This is peace, again, because God made us to honor and reveal the wonders of His Son.  We swim against the current of reality if our destination involves any other determination.  Conversely, we find ourselves carried along in the power of our Lord's mighty flow as we realize and devote ourselves to the ambassadorship that involves the representation of Another.  When led by the Holy Spirit, believers act in attitude, demeanor, word, action, and relationship for the holy purpose of "Not unto us… but unto Thy name give glory!"  This relieves us from the unholy struggle of self promotion that drowns us in pride if we perceive ourselves as successful in the effort, or cripples us with despair if our quest for glory ends in obscurity or shame.  Moreover, devotion to the glory of the Lord Jesus establishes our hearts in truth and reality, ultimately leading to the affirmation and praise of the only One whose approval we must have.  "Well done, thou good and faithful servant" (Matthew 25:21).

    The challenge of honoring our Lord requires much diligence and watchfulness, as enabled by Holy Spirit who Himself purposes to direct all honor to the Lord Jesus (John 16:13-14).  We will be tempted often to further our own person and name, usually in ways known only to ourselves.  Remembering the altar upon which we sacrificed such deadly self promotion - "Not unto us! - and affirming the rightful glory of our Savior - "Unto Thy name give glory!" - will lead us in peace, His peace as known when we serve as the moons that reflect the light of the sun (Son).

"Be Thou exalted, o God, above the heavens, and Thy glory above all the earth."
(Psalm 108:5)

Weekly Memory Verse
    Grace and peace be multiplied to you through the knowledge of God, and of Jesus our Lord.
(II Peter 1:2)

Saturday, April 25, 2015

"Waiting On God" Part 2

(Thanks again to our dear friend Alison for the inspiration)

       From yesterday's message:

       "Finally, does the peace of God keep our hearts as we wait no less than His fulfillment will thrill our hearts when it occurs?  "Thou wilt keep Him in perfect peace, whose mind is stayed on Thee, because he trusteth in Thee" (Isaiah 26:3).  God Himself serves as the fulfillment of our hearts, as opposed to His doings on our behalf.  Indeed, we may find that the journey of faith necessitated by waiting on the Lord provides no less glory than His promises fulfilled.  "Rest in the Lord, and wait patiently for Him" commanded the Psalmist (Psalm 37:7).  David could not mandate such peace if it were not possible.  Certainly it is, and again, we may find the journey no less glorious through Christ than its destination."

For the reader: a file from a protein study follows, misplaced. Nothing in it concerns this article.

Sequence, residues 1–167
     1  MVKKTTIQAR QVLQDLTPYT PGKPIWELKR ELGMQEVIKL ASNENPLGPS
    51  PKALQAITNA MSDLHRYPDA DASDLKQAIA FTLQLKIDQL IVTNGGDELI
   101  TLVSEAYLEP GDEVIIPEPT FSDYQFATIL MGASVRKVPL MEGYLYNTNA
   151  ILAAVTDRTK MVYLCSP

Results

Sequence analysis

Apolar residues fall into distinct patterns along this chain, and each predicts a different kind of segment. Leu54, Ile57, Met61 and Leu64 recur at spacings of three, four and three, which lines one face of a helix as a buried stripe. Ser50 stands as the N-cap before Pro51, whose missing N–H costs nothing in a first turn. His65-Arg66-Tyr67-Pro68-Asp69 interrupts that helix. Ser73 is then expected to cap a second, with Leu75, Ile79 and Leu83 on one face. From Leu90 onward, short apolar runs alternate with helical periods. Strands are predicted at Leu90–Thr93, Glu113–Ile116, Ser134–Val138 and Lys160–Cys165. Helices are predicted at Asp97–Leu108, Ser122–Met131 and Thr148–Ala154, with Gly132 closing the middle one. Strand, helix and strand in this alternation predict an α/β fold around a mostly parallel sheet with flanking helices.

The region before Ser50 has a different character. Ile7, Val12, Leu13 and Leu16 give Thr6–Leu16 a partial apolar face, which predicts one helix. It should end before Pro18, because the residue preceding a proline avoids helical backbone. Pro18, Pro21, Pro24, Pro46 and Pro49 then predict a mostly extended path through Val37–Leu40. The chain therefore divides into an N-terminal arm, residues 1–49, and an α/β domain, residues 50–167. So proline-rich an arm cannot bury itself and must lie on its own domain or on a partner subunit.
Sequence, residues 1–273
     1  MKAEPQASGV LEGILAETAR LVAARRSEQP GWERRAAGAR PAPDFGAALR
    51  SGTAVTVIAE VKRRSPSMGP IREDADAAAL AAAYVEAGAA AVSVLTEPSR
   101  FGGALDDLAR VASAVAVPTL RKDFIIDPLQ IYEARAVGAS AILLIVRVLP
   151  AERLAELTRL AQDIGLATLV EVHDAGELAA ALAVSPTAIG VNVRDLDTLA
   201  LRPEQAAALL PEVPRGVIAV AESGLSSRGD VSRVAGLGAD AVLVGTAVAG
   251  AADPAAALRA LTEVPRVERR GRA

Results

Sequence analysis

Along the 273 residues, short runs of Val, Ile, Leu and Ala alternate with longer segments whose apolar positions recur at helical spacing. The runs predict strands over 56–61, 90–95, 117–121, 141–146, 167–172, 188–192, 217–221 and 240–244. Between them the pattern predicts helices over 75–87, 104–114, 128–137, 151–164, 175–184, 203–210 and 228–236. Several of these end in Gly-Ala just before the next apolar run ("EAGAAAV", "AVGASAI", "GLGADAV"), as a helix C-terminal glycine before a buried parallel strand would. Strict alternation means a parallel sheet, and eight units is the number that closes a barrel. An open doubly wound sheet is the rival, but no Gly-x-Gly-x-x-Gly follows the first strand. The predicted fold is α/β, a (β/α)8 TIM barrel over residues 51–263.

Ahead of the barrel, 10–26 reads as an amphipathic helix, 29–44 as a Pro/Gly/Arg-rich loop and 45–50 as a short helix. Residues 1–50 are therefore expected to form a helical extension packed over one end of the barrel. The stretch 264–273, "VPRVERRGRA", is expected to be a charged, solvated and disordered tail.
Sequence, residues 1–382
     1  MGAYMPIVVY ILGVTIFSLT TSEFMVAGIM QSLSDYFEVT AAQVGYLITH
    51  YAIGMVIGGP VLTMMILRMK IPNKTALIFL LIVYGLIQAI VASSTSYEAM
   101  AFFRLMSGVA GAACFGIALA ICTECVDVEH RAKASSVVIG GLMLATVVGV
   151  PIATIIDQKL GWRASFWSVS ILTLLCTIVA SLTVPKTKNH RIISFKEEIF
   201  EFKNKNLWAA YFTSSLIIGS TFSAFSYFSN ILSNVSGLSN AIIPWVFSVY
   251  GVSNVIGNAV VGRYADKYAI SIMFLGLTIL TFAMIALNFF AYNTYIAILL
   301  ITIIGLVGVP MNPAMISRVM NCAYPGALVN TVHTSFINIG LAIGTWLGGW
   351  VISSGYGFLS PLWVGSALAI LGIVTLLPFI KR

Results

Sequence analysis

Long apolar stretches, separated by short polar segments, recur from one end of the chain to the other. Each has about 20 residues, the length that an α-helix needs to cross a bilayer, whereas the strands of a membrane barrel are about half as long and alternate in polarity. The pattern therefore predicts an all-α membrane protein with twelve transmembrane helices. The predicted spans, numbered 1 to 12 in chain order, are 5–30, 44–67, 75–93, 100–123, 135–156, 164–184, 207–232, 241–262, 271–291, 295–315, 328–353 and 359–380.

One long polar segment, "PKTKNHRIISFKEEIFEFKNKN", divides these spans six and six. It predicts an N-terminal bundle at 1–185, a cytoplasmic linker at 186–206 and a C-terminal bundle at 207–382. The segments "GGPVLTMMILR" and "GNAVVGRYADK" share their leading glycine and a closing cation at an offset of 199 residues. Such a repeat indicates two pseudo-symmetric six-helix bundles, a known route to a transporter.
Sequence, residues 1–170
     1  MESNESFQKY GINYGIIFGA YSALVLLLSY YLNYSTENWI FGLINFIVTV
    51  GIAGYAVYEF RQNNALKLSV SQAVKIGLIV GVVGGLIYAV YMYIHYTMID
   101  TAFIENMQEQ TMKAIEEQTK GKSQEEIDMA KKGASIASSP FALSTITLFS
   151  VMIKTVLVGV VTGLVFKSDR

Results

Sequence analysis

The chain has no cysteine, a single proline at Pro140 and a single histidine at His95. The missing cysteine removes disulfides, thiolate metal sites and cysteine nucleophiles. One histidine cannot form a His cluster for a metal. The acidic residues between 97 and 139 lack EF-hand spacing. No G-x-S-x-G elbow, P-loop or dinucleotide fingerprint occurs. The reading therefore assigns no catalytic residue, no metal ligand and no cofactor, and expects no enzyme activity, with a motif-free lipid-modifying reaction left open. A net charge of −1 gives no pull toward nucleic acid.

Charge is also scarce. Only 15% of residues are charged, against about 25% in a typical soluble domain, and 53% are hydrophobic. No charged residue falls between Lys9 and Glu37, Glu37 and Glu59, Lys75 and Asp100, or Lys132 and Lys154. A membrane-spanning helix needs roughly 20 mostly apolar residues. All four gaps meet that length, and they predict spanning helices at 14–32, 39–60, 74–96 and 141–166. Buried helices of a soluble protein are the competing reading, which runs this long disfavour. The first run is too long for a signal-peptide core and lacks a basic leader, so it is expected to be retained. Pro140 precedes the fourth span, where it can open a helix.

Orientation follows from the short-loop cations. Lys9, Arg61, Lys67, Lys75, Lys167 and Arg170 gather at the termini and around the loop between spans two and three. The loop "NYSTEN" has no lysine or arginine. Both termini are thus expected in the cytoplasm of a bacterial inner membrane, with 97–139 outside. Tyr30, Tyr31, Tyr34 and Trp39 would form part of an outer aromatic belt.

A few more thoughts about this particular point regarding waiting on God.  We've all taken trips to cherished destinations that also included beautiful scenery and experiences along the way.  The journey sometimes blesses us no less than the arrival.  This can be the case in our spiritual pilgrimages to God's promised provisions and blessings.  Waiting on God rightly requires walking with God faithfully, trusting and submitting ourselves to His glory and will as we make our way.  This requires the communication with Him that results from regularly reading the Scriptures, prayer, and availing ourselves of the encouragement and challenge of fellowship with other believers.  Indeed, how could our Lord more honor us than inviting us to journey with Him to promised destinations? "I will be with thee" He said to Israel long ago (Isaiah 43:2).  Born again believers in the Lord Jesus can be sure of even greater Presence as our Lord journeys both with and within us as we go.  "I will dwell in them and walk in them" (II Corinthians 6:16).

    Let us not miss the sights and scenes of the journey as we make our way to the fulfillment of God's promises.  Wonders of His heart and His working await us along the path that we can discover in no other way.   The opportunity of a lifetime awaits us whenever we must wait on God as we walk with God.